Cooperation not Confrontation- How to Convince Referees and Respond to Reviews

January 22, 2015 Richard Threlfall

Some of the most difficult people to convince about new ideas, especially unusual or controversial ones, are experts. In other words, the reviewers who are likely to be peer-reviewing your paper are also those who are likely to be the most skeptical about it. Whether this is an advantage or disadvantage of the peer-review system in general is another matter, but whatever the case, there are a few things that you can do to help convince referees of the merits of your work and improve your chances of getting your paper accepted.177514334_292811753_292811755_256224451.jpg

Avoid an adversarial approach

First and foremost, it’s critical to avoid the combative “I’m right and you’re wrong and that’s the end of the story” approach. This will create an enemy out of a referee, when what you really need is an ally who can help get your paper accepted. Therefore, the least productive strategy is to set up an adversarial “author versus referees” battle in which you become more and more defensive to repel the “enemy” reviewers’ “attacks”. This will likely only bring increased resistance from both sides, which helps no-one. Your aim should be to create a cooperative atmosphere between you and the reviewers. A big part of doing this is to make it obvious that you appreciate the referees’ input into the peer review “conversation” about your work, even if you don’t agree with all of what they have to say. Thank them explicitly in your response to reviewers for their time and effort.

Don’t ignore referee comments

Ignoring referee comments that you don’t agree with without even attempting to reply to them is also a bad idea. If you don’t engage with the referee in a discussion, they are unlikely to reciprocate and engage helpfully with you to approve your paper for publication. Don’t forget that referees volunteer their time to assess your paper, so put yourself in their place and think how you would feel if you had volunteered your time to give someone advice that they then completely ignored. At best, you would feel severely demotivated to help out the next time and at worst you might feel downright angry. Just imagine what would then happen the next time you saw a paper from the same person! This is not a recipe for a good author-reviewer relationship, but it is a quick way to get yourself a bad reputation. When you also consider that a referee may review several more of your papers in the future, you can appreciate what a disastrous strategy ignoring comments can turn out to be.

Invite an open and honest discussion

One of the best ways to create a spirit of cooperation with referees is to discuss the limitations of your paper in the paper itself. It might sound like a strange thing to do to actively talk about the weakness of your work at a time when you want to present it in the most positive way, but don’t forget that science is never perfect in the real world and the referees already know this. Simply put, an honest assessment of the pros and cons of your work gives referees less to criticize about your paper because you’ll have already answered some of their questions before they’ve had a chance to ask them. An open discussion of the drawbacks of your methods will also convince referees that you’re interested in a proper scientific discussion, rather than making them feel suspicious that you’re trying to hide something.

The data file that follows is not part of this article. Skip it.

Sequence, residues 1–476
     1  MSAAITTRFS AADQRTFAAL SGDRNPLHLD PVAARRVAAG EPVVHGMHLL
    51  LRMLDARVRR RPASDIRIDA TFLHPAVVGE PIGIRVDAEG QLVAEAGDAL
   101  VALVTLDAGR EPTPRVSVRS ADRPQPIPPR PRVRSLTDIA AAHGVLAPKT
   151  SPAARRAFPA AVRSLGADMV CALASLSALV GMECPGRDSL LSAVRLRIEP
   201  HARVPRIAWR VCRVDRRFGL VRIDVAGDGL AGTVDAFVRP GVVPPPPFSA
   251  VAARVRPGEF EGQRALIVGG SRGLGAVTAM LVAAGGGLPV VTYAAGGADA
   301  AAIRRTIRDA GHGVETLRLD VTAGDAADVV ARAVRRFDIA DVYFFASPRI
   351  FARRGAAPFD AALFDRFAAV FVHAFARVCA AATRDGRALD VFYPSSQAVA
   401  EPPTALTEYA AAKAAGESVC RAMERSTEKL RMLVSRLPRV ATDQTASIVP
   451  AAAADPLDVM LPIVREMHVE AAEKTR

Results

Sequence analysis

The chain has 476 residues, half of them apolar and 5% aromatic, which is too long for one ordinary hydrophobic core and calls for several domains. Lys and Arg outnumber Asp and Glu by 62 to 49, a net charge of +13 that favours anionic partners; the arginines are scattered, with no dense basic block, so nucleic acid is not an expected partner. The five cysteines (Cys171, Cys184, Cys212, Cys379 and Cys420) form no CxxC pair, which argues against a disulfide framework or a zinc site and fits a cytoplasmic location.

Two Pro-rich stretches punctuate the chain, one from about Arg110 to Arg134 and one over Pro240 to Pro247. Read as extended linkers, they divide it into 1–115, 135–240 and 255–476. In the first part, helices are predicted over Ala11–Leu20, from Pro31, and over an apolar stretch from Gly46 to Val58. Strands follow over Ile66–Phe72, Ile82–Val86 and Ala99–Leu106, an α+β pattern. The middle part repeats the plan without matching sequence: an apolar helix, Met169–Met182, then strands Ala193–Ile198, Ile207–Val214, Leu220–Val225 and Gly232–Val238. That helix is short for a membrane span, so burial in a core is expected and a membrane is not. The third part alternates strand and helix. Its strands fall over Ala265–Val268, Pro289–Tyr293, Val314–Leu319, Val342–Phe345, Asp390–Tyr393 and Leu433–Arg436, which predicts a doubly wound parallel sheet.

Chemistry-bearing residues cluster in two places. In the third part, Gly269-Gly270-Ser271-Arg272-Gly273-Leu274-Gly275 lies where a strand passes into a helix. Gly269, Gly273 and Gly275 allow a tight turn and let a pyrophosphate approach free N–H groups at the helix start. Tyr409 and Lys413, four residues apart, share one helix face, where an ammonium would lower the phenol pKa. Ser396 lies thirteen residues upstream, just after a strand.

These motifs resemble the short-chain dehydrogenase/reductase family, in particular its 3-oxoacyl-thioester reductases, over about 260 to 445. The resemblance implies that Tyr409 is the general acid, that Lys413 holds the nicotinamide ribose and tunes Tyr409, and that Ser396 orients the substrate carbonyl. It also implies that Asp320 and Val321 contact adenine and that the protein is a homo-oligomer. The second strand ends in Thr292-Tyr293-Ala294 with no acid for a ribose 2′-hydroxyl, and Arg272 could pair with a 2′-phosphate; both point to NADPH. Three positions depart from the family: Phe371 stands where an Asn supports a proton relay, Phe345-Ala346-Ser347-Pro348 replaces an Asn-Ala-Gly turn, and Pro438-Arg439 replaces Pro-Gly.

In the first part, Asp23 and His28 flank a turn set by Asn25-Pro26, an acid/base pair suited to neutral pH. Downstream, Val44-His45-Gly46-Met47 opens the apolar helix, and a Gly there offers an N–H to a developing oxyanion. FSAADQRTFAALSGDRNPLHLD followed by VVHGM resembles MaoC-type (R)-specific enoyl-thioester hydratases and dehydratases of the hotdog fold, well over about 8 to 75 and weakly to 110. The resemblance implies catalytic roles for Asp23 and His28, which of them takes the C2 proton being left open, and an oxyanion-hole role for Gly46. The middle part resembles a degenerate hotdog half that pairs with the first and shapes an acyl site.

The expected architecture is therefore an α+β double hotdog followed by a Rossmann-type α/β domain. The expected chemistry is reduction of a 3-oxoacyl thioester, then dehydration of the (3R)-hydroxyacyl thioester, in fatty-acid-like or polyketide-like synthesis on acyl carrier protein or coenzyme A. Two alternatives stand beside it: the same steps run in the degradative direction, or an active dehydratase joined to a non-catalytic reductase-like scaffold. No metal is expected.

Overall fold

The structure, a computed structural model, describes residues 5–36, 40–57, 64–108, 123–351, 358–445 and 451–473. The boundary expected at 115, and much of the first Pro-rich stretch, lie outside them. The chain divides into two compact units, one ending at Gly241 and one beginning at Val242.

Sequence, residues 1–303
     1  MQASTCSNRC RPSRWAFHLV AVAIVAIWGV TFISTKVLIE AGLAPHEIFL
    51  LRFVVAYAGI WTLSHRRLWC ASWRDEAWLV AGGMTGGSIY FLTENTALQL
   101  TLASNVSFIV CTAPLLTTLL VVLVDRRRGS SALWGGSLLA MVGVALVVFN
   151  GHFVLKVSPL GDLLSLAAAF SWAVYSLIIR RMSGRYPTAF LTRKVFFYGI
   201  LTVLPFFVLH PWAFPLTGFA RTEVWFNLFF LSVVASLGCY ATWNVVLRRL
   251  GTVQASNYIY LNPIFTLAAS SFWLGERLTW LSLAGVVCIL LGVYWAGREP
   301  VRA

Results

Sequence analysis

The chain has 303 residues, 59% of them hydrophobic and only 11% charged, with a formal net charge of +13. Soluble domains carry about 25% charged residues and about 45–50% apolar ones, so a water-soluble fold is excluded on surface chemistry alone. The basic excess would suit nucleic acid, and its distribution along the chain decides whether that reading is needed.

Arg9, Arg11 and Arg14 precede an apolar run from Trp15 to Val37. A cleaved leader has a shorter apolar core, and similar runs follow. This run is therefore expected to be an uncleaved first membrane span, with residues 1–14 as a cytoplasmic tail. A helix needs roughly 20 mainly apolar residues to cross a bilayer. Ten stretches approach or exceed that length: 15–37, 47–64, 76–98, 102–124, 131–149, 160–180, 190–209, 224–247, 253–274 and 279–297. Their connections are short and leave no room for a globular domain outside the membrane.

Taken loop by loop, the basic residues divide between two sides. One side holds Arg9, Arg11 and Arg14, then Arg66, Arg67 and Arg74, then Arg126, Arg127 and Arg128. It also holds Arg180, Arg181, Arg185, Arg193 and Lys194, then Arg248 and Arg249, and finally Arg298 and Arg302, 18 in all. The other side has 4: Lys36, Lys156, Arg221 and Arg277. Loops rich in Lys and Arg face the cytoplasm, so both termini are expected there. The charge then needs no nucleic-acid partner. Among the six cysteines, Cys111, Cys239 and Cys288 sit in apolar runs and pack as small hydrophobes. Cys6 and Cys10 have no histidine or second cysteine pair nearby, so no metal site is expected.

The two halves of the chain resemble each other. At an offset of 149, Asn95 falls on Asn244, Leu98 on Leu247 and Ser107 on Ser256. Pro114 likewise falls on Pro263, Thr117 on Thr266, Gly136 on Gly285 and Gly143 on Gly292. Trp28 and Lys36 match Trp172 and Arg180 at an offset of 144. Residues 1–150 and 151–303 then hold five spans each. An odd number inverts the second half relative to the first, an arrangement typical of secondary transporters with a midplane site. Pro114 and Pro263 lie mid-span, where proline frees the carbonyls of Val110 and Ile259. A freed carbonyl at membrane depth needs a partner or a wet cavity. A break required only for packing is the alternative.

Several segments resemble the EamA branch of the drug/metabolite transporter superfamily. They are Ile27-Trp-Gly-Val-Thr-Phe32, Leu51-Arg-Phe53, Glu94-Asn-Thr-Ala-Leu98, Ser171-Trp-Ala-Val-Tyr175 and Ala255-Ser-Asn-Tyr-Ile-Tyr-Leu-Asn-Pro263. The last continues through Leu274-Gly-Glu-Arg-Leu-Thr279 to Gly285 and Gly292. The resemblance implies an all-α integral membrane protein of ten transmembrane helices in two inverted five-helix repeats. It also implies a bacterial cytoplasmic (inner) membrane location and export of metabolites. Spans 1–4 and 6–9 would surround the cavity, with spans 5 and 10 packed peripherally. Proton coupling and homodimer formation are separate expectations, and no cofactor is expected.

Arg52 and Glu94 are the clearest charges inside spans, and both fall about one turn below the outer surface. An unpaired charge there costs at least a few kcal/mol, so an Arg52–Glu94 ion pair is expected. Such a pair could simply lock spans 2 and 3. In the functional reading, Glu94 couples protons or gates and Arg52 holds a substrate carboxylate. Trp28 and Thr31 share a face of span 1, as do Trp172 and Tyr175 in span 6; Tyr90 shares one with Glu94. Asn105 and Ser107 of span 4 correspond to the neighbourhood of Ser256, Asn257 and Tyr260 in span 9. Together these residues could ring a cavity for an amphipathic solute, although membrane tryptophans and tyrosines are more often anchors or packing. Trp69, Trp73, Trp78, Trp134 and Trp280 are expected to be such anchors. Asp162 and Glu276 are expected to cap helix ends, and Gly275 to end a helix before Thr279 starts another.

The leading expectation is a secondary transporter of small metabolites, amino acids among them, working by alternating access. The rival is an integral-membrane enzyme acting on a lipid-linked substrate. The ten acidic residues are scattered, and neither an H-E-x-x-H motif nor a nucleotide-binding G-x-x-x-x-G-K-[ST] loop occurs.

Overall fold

Be convincing, not confrontational

If you get comments from a referee that you think are simply wrong or not consistent with what your results have shown, you can still effectively convince them of your position without creating a conflict. The key here is to acknowledge that the referee’s ideas are valid and that you understand their point of view. Where possible, you need to guide the referee to see how their ideas and yours are fundamentally quite compatible, but that the experimental evidence shows that your ideas are right. A simplified way to present your case might be like this: “We initially had the same idea as the referee because we too thought X, but this idea was incorrect because the data then showed Y. Then we went back to the lab and tested idea Z, which proved to be the right one”.

Whatever type of experience you have during the peer-review process, there are two important aspects to bear in mind. One is that everyone involved is human, and the second is that peer review should be regarded as a discussion of your paper, rather than an examination that needs to be passed, although more often than not it feels very much like the latter. Like every other discussion you have in which you try to persuade someone about something, the way you present your arguments during peer review will have a big effect on how your work is judged by others. Therefore, you should take every opportunity to pave the way to acceptance. It will be well worth it!

Image credit/Source:michaeljung/Getty Images

About the Author

Richard Threlfall

Digital Project Manager, Wiley // Richard Threlfall is a Digital Product Manager with Intelligent Solutions and is the former Editor-in-Chief of the Asian Journal of Organic Chemistry.

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